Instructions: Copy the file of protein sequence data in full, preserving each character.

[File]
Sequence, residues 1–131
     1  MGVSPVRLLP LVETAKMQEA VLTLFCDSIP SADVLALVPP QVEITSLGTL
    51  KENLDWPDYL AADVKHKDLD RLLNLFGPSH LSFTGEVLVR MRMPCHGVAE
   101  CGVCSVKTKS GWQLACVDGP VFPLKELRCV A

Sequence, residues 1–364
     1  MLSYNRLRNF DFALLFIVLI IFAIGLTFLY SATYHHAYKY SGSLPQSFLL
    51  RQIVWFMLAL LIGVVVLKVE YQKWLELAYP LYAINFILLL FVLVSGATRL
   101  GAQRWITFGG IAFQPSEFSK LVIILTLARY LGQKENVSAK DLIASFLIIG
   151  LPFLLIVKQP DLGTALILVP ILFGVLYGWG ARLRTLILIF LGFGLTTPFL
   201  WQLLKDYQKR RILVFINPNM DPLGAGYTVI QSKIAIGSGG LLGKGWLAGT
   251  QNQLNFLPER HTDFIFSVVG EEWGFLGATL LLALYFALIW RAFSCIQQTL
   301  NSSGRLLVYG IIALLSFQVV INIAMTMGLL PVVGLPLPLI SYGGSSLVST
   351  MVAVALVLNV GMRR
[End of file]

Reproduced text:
Sequence, residues 1–131
     1  MGVSPVRLLP LVETAKMQEA VLTLFCDSIP SADVLALVPP QVEITSLGTL
    51  KENLDWPDYL AADVKHKDLD RLLNLFGPSH LSFTGEVLVR MRMPCHGVAE
   101  CGVCSVKTKS GWQLACVDGP VFPLKELRCV A

Sequence, residues 1–364
     1  MLSYNRLRNF DFALLFIVLI IFAIGLTFLY SATYHHAYKY SGSLPQSFLL
    51  RQIVWFMLAL LIGVVVLKVE YQKWLELAYP LYAINFILLL FVLVSGATRL
   101  GAQRWITFGG IAFQPSEFSK LVIILTLARY LGQKENVSAK DLIASFLIIG
   151  LPFLLIVKQP DLGTALILVP ILFGVLYGWG ARLRTLILIF LGFGLTTPFL
   201  WQLLKDYQKR RILVFINPNM DPLGAGYTVI QSKIAIGSGG LLGKGWLAGT
   251  QNQLNFLPER HTDFIFSVVG EEWGFLGATL LLALYFALIW RAFSCIQQTL
   301  NSSGRLLVYG IIALLSFQVV INIAMTMGLL PVVGLPLPLI SYGGSSLVST
   351  MVAVALVLNV GMRR